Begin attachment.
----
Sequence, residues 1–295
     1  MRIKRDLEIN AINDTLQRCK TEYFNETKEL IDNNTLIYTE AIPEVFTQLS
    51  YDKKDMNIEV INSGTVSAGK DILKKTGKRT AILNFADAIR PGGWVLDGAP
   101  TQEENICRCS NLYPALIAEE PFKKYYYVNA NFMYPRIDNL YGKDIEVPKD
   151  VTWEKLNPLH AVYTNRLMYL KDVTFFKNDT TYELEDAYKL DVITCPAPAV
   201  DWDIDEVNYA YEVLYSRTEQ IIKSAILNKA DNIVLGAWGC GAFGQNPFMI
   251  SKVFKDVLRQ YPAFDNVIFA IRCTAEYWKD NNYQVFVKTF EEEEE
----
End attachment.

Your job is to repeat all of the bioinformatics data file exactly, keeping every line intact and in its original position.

Sequence, residues 1–295
     1  MRIKRDLEIN AINDTLQRCK TEYFNETKEL IDNNTLIYTE AIPEVFTQLS
    51  YDKKDMNIEV INSGTVSAGK DILKKTGKRT AILNFADAIR PGGWVLDGAP
   101  TQEENICRCS NLYPALIAEE PFKKYYYVNA NFMYPRIDNL YGKDIEVPKD
   151  VTWEKLNPLH AVYTNRLMYL KDVTFFKNDT TYELEDAYKL DVITCPAPAV
   201  DWDIDEVNYA YEVLYSRTEQ IIKSAILNKA DNIVLGAWGC GAFGQNPFMI
   251  SKVFKDVLRQ YPAFDNVIFA IRCTAEYWKD NNYQVFVKTF EEEEE